AA.3.0 — Adjustments to the Base-Year Data. The section outlines the types of adjustments that would be allowed on the base-year data to develop the capitation rates. The checklist provides a listing of many items concerning which the actuary would usually exercise professional judgment to determine the appropriateness of the adjustment based on the underlying base-year data chosen. This section of the checklist illustrates the desirability of a movement from the prior upper payment limit rate-setting calculation methodology to the development of a capitation rate that would be “actuarially sound.” For example, the factors reflect adjustments to reimbursement per unit of service,15 utilization rates, and contractual obligation or benefit differentials so that the rates are “actuarially sound” for the covered Medicaid population. The rate-setting actuary is challenged to develop a rate that would be “actuarially sound” for a third-party entity. Usually, each of the adjustments would be carefully reviewed for applicability. The outlined adjustments typically include one for the review of the financial experience of the health plans. The rate-setting actuary would normally be familiar with the process of reviewing financial statements and interpreting the results. AA.4.0 — Establish Rate Category Groupings. This section of the checklist outlines different rate-setting categories that would normally be considered in the establishment of the capitation rates. The rate-setting categories include age, gender, locality/region, and eligibility categories. The checklist indicates that each of these components would normally be used in establishing rate-setting categories, unless omitting a component or combining a rate category with an adjacent category can be justified. AA.5.0 – Data Smoothing, Special Populations, and Catastrophic Claims. This section of the checklist outlines methodologies that may be used in the examination and modification of the data to reflect any data distortions or special populations. The checklist indicates that it is usually preferable for the data smoothing techniques to be cost-neutral. The checklist provides a brief definition of cost-neutrality for the actuary to review. This section also briefly discusses the use of health status-based (or diagnosis-based) risk adjustment. AA.6.0. — Stop Loss, Reinsurance, or Risk sharing Arrangements. This section of the checklist includes an outline of the use of reinsurance, either commercial or state-sponsored, in the determination of the capitation rate. The regulations call for inclusion of these provisions to be determined on an “actuarially sound” basis. The risk corridor limit compares total payments to MCO state plan services provided, priced at the Medicaid FFS fee schedule, plus an amount for MCO administrative costs. A risk corridor or risk sharing mechanism may involve the actuary comparing the cost of the managed care program to a FFS program before receiving approval from CMS for the inclusion of a risk corridor program. The checklist discusses the inclusion of a risk corridor program and provides an example. AA.7.0 — Incentive Arrangements. This section of the checklist outlines the use of incentive arrangements in the contract between the state and the MCO. An incentive arrangement provides additional funds in excess of the capitation rates for meeting specified targets. The checklist states that the incentive arrangement payment may not increase total payments above 105 percent of the approved capitation rates. Additionally, all incentives are expected to be determined through the use of an “actuarially sound” methodology. Considerations in Complying with the Checklist This section of the practice note discusses items that may be considered by the rate-setting actuary when developing the capitation rates and complying with the checklist. The checklist is a general document and probably does not cover every circumstance the actuary may encounter. Should the actuary think it appropriate to deviate from the guidance provided in the checklist, he or she would usually be prudent to describe and explain the deviation. 15. One commenter noted that “adjustments to reimbursement per unit of service” for the impact of intergovernmental transfers have been particularly problematic in the development of rates. 15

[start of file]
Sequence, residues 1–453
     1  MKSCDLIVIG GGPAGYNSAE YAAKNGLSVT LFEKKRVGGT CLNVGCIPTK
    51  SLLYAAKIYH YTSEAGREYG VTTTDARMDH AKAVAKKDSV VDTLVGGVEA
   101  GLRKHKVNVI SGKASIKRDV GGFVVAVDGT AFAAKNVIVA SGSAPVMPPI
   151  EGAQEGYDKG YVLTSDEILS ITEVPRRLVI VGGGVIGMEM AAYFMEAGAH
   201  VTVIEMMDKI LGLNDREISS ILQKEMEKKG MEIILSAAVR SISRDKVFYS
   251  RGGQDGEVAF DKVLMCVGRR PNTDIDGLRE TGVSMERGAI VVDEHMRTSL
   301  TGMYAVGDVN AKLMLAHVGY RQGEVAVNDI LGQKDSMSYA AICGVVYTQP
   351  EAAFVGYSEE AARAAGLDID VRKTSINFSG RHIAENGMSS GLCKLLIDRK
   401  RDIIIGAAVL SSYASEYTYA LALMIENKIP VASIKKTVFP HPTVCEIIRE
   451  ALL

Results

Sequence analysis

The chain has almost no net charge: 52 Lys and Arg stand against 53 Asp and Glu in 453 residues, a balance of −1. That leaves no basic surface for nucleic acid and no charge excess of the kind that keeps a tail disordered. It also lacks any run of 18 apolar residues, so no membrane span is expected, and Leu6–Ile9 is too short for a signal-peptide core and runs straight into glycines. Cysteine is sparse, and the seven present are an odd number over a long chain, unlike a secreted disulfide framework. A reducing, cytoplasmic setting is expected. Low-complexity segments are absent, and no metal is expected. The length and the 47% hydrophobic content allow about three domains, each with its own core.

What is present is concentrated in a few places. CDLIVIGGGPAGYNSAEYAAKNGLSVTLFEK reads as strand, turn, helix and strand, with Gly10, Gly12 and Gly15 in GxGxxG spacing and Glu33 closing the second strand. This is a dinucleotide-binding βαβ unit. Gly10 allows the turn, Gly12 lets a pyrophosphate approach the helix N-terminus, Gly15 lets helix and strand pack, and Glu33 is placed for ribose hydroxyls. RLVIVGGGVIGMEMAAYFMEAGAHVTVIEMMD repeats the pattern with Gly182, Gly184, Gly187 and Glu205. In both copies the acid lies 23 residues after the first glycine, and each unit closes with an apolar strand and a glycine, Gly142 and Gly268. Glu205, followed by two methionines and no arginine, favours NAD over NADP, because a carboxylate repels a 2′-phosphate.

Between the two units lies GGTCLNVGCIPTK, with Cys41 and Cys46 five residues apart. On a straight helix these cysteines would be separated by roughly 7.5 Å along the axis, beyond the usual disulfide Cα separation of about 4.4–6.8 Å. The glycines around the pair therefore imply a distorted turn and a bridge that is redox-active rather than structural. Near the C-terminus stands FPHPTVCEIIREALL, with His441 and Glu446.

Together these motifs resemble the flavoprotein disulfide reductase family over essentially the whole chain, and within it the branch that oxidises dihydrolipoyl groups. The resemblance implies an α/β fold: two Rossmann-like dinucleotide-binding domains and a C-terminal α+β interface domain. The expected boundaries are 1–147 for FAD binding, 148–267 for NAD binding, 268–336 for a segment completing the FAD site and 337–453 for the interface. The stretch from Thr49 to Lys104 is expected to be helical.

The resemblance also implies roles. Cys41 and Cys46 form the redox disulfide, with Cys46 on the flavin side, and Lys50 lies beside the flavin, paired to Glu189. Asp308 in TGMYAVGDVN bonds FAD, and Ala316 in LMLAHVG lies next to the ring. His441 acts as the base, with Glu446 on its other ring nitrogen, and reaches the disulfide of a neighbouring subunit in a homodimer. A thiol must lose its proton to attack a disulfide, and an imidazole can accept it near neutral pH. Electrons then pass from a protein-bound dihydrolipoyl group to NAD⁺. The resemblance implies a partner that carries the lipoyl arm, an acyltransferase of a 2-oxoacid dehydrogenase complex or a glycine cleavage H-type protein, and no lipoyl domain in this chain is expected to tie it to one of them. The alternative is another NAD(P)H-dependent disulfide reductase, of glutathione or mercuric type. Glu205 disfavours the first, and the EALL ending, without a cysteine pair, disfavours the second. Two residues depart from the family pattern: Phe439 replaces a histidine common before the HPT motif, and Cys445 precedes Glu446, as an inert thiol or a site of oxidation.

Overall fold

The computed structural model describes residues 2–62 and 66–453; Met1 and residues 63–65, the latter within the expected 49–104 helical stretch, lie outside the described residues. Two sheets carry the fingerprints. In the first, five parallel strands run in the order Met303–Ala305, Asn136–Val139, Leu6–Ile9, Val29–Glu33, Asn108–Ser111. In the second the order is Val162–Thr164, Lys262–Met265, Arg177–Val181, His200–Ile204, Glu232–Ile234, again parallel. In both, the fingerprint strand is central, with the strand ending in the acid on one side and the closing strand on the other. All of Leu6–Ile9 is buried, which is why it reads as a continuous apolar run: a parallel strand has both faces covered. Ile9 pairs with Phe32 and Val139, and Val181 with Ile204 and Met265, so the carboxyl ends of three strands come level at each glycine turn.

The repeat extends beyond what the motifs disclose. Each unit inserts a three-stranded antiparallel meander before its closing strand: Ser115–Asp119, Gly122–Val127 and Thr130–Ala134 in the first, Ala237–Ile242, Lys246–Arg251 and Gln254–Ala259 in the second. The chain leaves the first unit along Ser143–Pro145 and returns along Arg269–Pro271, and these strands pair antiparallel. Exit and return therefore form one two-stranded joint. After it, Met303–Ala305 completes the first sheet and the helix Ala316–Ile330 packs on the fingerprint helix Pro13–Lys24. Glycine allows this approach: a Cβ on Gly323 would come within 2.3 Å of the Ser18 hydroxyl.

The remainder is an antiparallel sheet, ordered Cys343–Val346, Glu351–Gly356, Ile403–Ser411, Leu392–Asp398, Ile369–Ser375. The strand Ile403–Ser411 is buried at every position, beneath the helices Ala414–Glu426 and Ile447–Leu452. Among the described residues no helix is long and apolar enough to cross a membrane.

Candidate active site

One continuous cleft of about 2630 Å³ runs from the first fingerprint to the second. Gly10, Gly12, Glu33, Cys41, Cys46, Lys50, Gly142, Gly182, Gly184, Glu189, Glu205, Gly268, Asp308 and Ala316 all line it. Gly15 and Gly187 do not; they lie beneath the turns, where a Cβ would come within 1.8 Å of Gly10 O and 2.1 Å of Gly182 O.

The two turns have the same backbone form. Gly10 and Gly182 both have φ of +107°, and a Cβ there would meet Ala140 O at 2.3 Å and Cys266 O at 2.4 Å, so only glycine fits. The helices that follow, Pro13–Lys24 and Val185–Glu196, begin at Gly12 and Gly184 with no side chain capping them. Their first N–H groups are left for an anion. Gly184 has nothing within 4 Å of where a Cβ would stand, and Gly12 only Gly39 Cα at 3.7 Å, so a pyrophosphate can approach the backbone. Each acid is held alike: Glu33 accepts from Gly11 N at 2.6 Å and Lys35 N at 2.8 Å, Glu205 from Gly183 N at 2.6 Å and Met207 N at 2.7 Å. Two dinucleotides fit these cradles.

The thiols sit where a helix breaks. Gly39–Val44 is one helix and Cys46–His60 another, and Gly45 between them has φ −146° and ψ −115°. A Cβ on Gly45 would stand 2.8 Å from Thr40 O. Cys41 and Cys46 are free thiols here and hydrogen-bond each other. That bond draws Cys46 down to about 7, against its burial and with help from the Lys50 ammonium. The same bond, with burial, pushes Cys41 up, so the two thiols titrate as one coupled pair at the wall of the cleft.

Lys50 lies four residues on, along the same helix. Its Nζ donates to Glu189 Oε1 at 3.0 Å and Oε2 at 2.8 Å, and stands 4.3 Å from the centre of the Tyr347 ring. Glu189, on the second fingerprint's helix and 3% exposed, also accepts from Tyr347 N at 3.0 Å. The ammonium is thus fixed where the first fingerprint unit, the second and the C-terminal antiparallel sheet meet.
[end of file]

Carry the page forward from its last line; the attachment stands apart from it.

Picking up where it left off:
Section AA.2.0 — Base-Year Utilization and Cost Data. This section states, “States without recent FFS history and no validated encounter data will need to develop other data sources for this purpose. States and their actuaries will have to decide which source of data to use for this purpose, based on which source is determined to have the highest degree of reliability, subject to RO approval.” Comment: The actuary should consider ASOP #23 (Data Quality) in the development of the base-year data. Generally, the actuary would consider all available data, including the Medicaid FFS data, Medicaid managed care encounter data, Medicaid managed care financial reports and Medicaid MCO financial statements. The actuary typically would compare data sources for reasonableness and check for material differences when determining the preferred source(s) for the base-period data. The checklist refers to several data sources CMS would consider appropriate. The actuary typically would consider these data sources as well as the most recent available data that, in the actuary’s professional judgment, appear to be reliable and well-suited to the assignment. The checklist acknowledges that there are instances where the commonly used data sources are unavailable. Section AA.2.4 — State Plan Services Only. This section states, “The state must document that the actuarially sound capitation rates are appropriate for the services to be furnished under the contract and based only upon services covered under the state plan.” Additionally, “Services provided by the managed care plan that exceed the services covered in the Medicaid state plan may not be used to set capitated Medicaid managed care rates.” Comment: The actuary may want to remove the value of non-state plan services and add in the value of any significant state-plan services that are not reflected in the data. Additionally, as FFS data erodes, data and information for developing the amount of the adjustment for substituted services may not be available.16 AA.3.0. — Adjustments to Base-Year Data. This section states, “The state made adjustments to the base period to construct rates to reflect populations and services covered during the contract period. These adjustments ensure that the rates are predictable for the covered Medicaid population.” This section includes adjustments that are more specific to the Medicaid rate-setting process than the rate-setting actuary will normally have encountered in the commercial or Medicare managed care environments. The ratesetting actuary is usually prudent to understand each of these adjustments and discuss these items with state Medicaid personnel as necessary. Additional comments related to the other adjustments are as follows.17 Pharmacy rebates – State Medicaid programs, which participate in the federal drug rebate program, receive additional rebates for prescribed medications. The rebates are generally greater than rebates received by managed care organizations through their prescription drug contracts. Managed care adjustment – This adjustment may have a significant impact on the development of the capitation rate or rate ranges. The adjustment may be developed based on the reported experience of managed care organizations, be it publicly available or commercially available information. The managed care adjustments will usually affect both utilization rates and unit costs 16. Capitation rates may be based only on Medicaid state plan services to Medicaid covered eligibles, so an actuary would initially remove the value of non-state plan services. The actuary is usually careful to not reincorporate the value of these excluded services. 17. One commenter mentioned that managed care adjustment (initial or update) assumptions may also result from encounter data analysis benchmarking, or on-site operational reviews measuring the medical utilization and cost management effectiveness of the MCO(s). Assumptions could also be derived from state and/or MCO expectation of continuous improvement in the MCO’s medical utilization and cost management. 16